3. The view presented in the exhibits of other Christians was not respectful or gracious. Believers who didn’t share the hyper-literal views of the organizers of the exhibit were made to appear either as ridiculous or not as genuine Christians.  While I strongly disagree with their interpretations, I respect how hard they are working to honor the biblical text.

ark-does-bible-promote-racismIn spite of the criticisms I have of it, I firmly believe that the designers, builders, and organizers of the Ark Encounter are my brothers- and sisters-in-Christ and therefore are worthy of my upmost respect.

Justifiable Rape? (Part 2): Lot’s Daughters

200px-gentileschi_artemisia_-_lot_and_his_daughters_-_1635-1638In my last post I asked, “Is rape ever justifiable?” specifically in light of the story of Lot and his two daughters (Gen. 19:30-38).

On Facebook my post received even less attention than my usual posts.  Hmm.  I guess people don’t want to talk about these types of stories.  For me it’s not an option since I teach the Old Testament (and while it’s hard when it comes to stories like this one, I still believe all Scripture is profitable for teaching–you can quote me on that).

If you’re curious, I discuss this story in more depth in Prostitutes and Polygamists (150-152).

Here are three reasons to view the behavior of Lot’s daughters negatively.

First, by getting their father drunk they took away his ability to give consent, which means we could call what took place rape.  It’s never good to get someone drunk to have sex with them. This message cannot be stated loudly or often enough, particularly on college campuses.

Second, sex between a father and a daughter was particularly abhorrent and lesser forms of incest were to be punished with death (see Lev. 20:11-21).  Once again, in a world where sexual abuse within families is tragically not uncommon, this passage should never be construed as a license for incest.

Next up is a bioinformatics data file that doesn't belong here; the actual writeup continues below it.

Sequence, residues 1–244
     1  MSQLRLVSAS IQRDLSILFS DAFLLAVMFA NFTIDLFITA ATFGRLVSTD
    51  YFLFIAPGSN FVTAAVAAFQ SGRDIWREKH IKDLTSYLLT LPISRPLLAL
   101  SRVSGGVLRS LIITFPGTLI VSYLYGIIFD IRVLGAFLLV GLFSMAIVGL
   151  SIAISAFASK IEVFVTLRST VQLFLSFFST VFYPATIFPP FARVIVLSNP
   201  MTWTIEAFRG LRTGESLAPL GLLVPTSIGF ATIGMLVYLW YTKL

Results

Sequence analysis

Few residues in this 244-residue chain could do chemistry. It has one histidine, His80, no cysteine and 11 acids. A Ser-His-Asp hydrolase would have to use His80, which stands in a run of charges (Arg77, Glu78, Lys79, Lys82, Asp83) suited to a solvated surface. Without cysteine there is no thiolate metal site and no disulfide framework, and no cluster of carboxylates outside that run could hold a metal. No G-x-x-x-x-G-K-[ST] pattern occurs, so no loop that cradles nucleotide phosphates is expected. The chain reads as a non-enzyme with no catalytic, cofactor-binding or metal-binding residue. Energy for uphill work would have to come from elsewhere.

Third, their father could have arranged marriages for them from the nearby town of Zoar as he apparently did in Sodom, since both of Lot’s daughters were to be married (Gen. 19:14).

Here are three reasons to NOT view their behavior negatively.

First, the first command in the Bible was “Be fruitful and multiply” (Gen. 1:28), so one could argue that they were simply being obedient to God’s initial commission.

Second, other unorthodox forms of sexual behavior seem to be permitted or even encouraged elsewhere in Scripture.  The practice of levirate marriage, a man impregnating his brother’s widow in order to perpetuate his line was codified in the law (Deut. 25:5-6).  One could argue that Lot’s daughters were acting in the spirit of this practice (before it became law).  Tamar is praised by Judah for being “more righteous” than he after she tricked him into sleeping with her to perpetuate the line of her dead husband Er, the son of Judah (Gen. 38; see also my discussion of this incident in Prostitutes and Polygamists, pages 95-101).

Third, their scheme spared their father the shame of being responsible for getting his own daughters pregnant.  I heard this argument from a female scholar who was presenting a paper at a recent Society of Biblical Literature meeting (in San Antonio). I need to think more about this point, but I initially found it a compelling argument.

I’m still troubled by this incident, but the fact that Lot’s daughters would have been experiencing shock and grief after the deaths of their mother, their fiancees, and almost everyone else they knew should cause us to view their desperate, but improper, actions with compassion.

What do you think?  Was their behavior justifiable?  Do you see other reasons to condemn or defend Lot’s daughter’s actions?